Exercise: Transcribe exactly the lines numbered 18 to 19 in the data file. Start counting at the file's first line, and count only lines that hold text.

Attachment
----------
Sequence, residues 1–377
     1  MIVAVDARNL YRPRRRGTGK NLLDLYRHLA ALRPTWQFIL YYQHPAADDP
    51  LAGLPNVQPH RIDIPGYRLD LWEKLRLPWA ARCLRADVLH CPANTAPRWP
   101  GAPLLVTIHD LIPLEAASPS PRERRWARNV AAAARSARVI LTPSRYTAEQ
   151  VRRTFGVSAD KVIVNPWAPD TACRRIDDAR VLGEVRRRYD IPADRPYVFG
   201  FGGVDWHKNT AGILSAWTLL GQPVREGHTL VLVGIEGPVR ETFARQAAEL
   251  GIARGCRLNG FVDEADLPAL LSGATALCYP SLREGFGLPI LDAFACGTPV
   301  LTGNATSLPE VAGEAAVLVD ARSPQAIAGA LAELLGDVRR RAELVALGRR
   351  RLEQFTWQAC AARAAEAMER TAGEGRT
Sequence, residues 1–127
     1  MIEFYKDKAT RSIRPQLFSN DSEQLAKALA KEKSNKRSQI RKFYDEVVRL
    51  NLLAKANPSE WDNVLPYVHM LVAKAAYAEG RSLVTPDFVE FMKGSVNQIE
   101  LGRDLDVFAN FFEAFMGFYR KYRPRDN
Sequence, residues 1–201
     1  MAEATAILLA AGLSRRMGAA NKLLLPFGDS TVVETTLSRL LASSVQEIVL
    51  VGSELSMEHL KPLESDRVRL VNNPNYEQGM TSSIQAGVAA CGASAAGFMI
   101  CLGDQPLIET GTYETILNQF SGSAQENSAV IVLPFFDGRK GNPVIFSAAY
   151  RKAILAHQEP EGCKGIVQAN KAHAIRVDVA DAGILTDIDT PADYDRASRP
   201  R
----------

   151  RKAILAHQEP EGCKGIVQAN KAHAIRVDVA DAGILTDIDT PADYDRASRP
   201  R